There is not, on the face of it, a plausible line in the fairy tale, The King of Erin and the Queen of the Lonesome Isle, suggesting that it comes from a particularly deep layer of the collective psyche of the Irish. The prime movers in this tale - as noted by Campbell in his Hero of a Thousand Faces - are the Neolithic/Bronze Age goddesses. i Marie Louise Von Franz wrote that fairy tales could generally be traced back to within a few centuries of when and where they originated. I'm not sure where Jeremiah Curtin obtained this tale but the question may not be so much its antiquity but indeed why it would mean anything to the Irish psyche of the late 1800's. What trauma could be so deep that it would draw up a tale that operates completely below both the political and religious concerns of the time. The trauma is of course the Irish Famine, a trauma it might be argued that Ireland only really started to assimilate collectively on its hundred and fiftieth anniversary.
The tale opens with a hapless king - literalism has no place here but still I cannot but think of Daniel O'Connell, at his wits end, dying in Genoa on his way to Rome in 1847- without an entourage who after a day in which he has found no quarry suddenly happens upon a black pig which then proceeds to lead him a merry dance, until finally it lures him out into the sea and onto an island. In mythology the sow typically represents increase and growth and in cultures such as Marija Gimbutas found in the balkans dating to 7,000-4,000BC figurines of pigs are found with wheat grains embedded with the sense that the ears of wheat or barley might take on a fullness like that of the pig which puts on weight with great rapidity.ii The dominant sense of the black sow in mythology is that it is equivalent to the cereal kernels (or potatoes in later times) that have been sown under the darkness of the soil for later awakening by the sun. To quote Gimbutas:
Sculptures of pigs are known for all parts of Old Europe and date from every period...The fast growing body of the pig will have impressed early agriculturists; its fattening must have been compared to corn growing and ripening, so that its soft fats apparently came to symbolise the earth itself, causing the pig to become a sacred animal probably no later than 6000BC.iii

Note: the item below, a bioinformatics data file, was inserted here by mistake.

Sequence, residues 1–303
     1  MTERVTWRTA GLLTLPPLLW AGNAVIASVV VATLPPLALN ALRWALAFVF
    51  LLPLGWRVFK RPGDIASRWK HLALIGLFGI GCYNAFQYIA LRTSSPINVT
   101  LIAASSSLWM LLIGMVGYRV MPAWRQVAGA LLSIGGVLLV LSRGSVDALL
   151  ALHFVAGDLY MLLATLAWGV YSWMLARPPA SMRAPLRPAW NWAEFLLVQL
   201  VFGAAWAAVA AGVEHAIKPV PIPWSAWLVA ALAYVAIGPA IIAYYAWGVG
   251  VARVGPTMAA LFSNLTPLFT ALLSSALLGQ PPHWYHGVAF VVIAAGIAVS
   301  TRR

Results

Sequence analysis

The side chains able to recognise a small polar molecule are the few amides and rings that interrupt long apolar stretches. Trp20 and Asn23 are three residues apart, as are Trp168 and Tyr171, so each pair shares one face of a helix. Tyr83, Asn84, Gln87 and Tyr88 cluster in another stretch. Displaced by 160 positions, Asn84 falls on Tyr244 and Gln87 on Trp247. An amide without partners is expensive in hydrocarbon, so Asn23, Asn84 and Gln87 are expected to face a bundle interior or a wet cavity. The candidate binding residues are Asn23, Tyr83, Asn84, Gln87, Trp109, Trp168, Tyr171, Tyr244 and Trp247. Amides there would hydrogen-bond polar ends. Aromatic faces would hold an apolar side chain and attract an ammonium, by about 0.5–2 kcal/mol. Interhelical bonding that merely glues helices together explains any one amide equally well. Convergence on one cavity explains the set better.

Now the famine in Ireland was due to the failure of the potato not the cereal crops but during the period of the Penal Laws the native Irish were much reduced in circumstance and switched to the potato as their staple diet. This permitted the population to increase significantly while at the same time maintaining it at a subsistence level. Speaking of the ancient festival of Lughnasa Maire MacNeill says:
For Lughnasa (1stAugust) is in its essence the festival of the first fruits of tilled fields...it was the day when the sickle was first put to ripened corn, as in later times it became the day when the spade turned up the first meal of potatoes.iv
We have three different islands involved in this tale and as Von Franz says in her interpretation of another tale: the island is a symbol of a split-of area, an autonomous complex, so to speak. Yet the king does not find this realm but is lured there by a compulsion to kill the wild pig which is, in psychological terms, some facet of the male anima in motion (in later Celtic Mythology by contrast it is typically a White Hart (stag) that lures the unsuspecting hunter into realm of the supernatural).
To enter her castle the king has to proceed along a path of gold gravel and enter a low doorway with razors and needles above and below (as there were no castles in the Bronze age the equivalent would be a megalithic tomb)v, which may be symbolical of a vagina dentata. Within the king receives magical hospitality and senses the presence of the goddess when he sleeps in a bed with a golden bed-spread. Even so he spends two days trying to escape the island while the goddess playfully seduces him with her finest apparel which is to say she manifests as ever more beautiful gardens. On the third night the king asks her to show herself and taking human form she explains that she and her two sisters are under a druidic spell that only their child can lift. In this context of a triple goddess we will think of her perhaps as Banba and her two sisters Fodla and Eriu but considering the preponderance of solar imagery Áine maybe be the most apt goddess.
Not one personality in the story has a proper name, they all have titles, they are all impersonal forces. This triple goddess too did not arrive with the onset of agriculture but was present even in the paleolithic as evidence by the three Venus-figures carved on the rock face at Roc aux Sorciers (one of which is clearly associated with the replenishment of the herds). What typically differentiates triple goddesses is that one personifies the powers of the maiden, one of the mother and one of the hag, mirroring the cycles of the earth as she brings forth, and takes back, flora and fauna alike. Yet the representations are fluid and there are many many variations - such as temptress, wife and maiden in Odysseus' encounters with Circe, Calypso and Nausicaa. In Ireland the hag aspect of the goddess is called the cailleach, a personification of the earth in her winter guise taking life, the dead and the withered back into her bosom and MacNeill says that the Irish saying, Marbh-fháisg ar an gCailligh Rua! (destruction to the red hag) referred to her personification of hunger and famine.